Back with Rama and Laksmana, they realize Shinta’s missing and stumble upon Jatayu, who’s seriously hurt. Thinking Jatayu kidnapped Shinta, Rama’s ready to take him down, but Laksmana holds him back.
Jatayu explains what happened and then sadly passes away. Suddenly, a white monkey named Hanuman appears. He’s on a mission from his uncle Sugriwa to find heroes who can take down Subali, a powerful figure who’s taken Dewi Tara. Rama joins the mission, and they head to Kiskendo Cave.
Subali’s chilling with Dewi Tara and his son when Sugriwa storms in with Rama’s help. Sugriwa takes down Subali and rescues Dewi Tara. Now Sugriwa’s all in to help Rama find Shinta. Cue Hanuman, who’s sent to Alengka as an envoy.
In Argasoka Garden, Rahwana’s niece, Trijata, tries to comfort Shinta. Rahwana barges in, asking Shinta to be his wife. Shinta’s having none of it, which ticks Rahwana off. Trijata steps in to prevent any harm and promises to take care of Shinta.
But things take an interesting turn when Shinta hears a beautiful song sung by none other than Hanuman.
He spills the beans about his mission from Rama and offers to help. After explaining, he starts checking out Alengka’s army power and, in the process, wrecks the garden.
Rahwana’s son, Indrajid, captures Hanuman, but Kumbakarna gets tossed out of the kingdom when he tries to stop it. Hanuman’s in deep trouble now, facing a sentence of being burnt alive. But he turns the tables by setting fire to the Alengka palace.
Rama’s Bridge takes the stage next. Rama and his crew build a bridge to Alengka with Hanuman’s help. Once it’s done, Hanuman brings back the scoop on Alengka’s situation and military strength. Rama’s all pumped up and sends Hanuman, Hanggada, Hanila, and Jambawan to lead the attack.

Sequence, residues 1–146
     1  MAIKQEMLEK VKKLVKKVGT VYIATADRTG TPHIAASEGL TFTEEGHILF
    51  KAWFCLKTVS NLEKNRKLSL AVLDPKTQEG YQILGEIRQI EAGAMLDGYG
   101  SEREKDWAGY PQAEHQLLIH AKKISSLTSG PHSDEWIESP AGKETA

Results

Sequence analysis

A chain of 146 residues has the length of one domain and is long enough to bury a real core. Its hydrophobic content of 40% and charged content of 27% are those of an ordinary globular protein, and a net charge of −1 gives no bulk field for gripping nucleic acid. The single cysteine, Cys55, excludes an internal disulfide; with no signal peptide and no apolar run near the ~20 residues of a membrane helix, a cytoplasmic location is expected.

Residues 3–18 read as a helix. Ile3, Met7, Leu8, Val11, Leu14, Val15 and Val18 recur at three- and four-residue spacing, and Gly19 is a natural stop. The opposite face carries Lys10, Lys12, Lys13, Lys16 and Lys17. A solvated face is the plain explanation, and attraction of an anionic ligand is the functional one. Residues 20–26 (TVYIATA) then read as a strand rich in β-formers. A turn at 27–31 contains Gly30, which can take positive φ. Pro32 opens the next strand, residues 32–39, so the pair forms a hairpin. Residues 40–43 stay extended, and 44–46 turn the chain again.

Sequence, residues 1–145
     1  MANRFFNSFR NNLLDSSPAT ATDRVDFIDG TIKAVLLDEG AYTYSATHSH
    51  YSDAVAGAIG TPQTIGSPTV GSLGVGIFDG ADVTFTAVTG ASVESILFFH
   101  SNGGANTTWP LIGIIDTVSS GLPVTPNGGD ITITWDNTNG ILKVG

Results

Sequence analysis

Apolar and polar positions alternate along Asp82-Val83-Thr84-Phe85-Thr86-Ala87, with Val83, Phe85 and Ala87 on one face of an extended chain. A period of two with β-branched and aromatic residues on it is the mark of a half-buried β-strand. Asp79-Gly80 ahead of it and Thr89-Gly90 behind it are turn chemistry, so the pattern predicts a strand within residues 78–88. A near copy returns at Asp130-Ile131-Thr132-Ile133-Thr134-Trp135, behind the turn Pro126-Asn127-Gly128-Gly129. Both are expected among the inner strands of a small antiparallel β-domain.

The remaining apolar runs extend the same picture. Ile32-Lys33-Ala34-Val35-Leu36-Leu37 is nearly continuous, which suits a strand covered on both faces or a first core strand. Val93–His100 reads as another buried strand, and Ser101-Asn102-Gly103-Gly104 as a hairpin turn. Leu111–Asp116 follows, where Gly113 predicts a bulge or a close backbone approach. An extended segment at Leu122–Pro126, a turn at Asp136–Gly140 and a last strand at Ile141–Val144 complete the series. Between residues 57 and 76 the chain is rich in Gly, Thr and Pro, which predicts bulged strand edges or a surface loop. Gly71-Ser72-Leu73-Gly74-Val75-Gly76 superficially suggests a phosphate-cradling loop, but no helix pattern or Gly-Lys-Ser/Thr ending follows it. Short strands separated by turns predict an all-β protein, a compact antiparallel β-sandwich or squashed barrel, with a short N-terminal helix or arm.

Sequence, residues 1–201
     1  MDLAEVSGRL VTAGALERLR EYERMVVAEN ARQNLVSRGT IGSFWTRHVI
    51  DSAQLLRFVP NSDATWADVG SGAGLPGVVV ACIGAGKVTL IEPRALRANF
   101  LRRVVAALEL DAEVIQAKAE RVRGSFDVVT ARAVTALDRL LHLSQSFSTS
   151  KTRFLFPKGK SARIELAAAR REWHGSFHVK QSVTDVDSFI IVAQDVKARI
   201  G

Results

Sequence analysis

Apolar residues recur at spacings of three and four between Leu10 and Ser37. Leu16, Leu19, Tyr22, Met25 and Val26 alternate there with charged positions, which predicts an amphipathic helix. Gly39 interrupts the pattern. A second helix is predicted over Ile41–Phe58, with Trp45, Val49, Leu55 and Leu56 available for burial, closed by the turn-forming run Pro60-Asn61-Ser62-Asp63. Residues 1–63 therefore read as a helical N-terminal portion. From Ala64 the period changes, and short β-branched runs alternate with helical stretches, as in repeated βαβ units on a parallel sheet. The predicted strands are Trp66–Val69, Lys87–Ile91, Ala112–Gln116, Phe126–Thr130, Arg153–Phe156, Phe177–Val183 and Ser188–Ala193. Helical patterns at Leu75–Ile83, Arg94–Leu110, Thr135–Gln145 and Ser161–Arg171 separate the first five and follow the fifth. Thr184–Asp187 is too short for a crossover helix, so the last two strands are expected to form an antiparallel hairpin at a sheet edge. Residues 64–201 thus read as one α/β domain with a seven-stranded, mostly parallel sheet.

War and Showdown
Here comes the big showdown! Alengka’s giant army gears up at their borders, but they’re suddenly ambushed by Rama’s troops.
A massive battle kicks off, and Laksmana takes down Indrajid. Kumbakarna, Rahwana’s brother, fights valiantly but meets his end.
With Kumbakarna out of the picture, Rahwana steps up to lead Alengka’s forces against Rama. But, well, Rama’s arrow ends Rahwana’s reign, and Hanuman finishes it off by crushing Rahwana under Mount Sumawana.
Rama and Shinta Reunited
After Rahwana’s demise, Shinta reunites with Rama, accompanied by Hanuman. But hold on, Rama’s unsure about accepting Shinta back because he questions her purity.
To prove herself, Shinta boldly steps into the fire, and with divine intervention, she emerges unscathed. Rama’s overjoyed and finally accepts Shinta once more.
The Legend of Rorojonggrang
The Legend of Rorojonggrang is an entirely different show that takes place on the same indoor stage as the main Ramayana show.
It takes place only inside every Friday and starts at 19:30.
Is it worth it? If you can’t wait for the main show on Saturday, then it’s a good substitution. But if you only have time for one show, stick to the original Ramayana story.
Check out all these other experiences and tours in and around Yogyakarta!